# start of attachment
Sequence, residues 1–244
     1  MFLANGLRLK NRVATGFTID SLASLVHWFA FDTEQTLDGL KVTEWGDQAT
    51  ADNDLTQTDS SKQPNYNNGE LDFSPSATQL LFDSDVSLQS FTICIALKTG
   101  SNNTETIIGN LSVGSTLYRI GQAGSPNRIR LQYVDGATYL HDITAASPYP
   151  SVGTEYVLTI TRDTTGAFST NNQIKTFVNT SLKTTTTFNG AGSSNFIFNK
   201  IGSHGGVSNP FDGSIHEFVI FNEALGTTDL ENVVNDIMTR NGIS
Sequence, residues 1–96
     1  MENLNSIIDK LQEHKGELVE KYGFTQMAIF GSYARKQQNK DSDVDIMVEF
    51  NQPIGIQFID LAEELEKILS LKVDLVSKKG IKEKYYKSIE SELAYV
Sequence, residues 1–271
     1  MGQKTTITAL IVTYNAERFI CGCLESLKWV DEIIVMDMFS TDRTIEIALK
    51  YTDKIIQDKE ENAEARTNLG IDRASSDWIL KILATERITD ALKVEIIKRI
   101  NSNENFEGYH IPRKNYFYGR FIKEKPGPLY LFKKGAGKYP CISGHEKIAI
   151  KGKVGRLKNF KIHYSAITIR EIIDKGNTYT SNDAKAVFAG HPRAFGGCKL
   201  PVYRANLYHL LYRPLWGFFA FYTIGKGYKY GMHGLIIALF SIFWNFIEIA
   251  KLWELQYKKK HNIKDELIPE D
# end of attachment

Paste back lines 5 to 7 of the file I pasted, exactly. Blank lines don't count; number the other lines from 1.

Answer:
   151  SVGTEYVLTI TRDTTGAFST NNQIKTFVNT SLKTTTTFNG AGSSNFIFNK
   201  IGSHGGVSNP FDGSIHEFVI FNEALGTTDL ENVVNDIMTR NGIS
Sequence, residues 1–96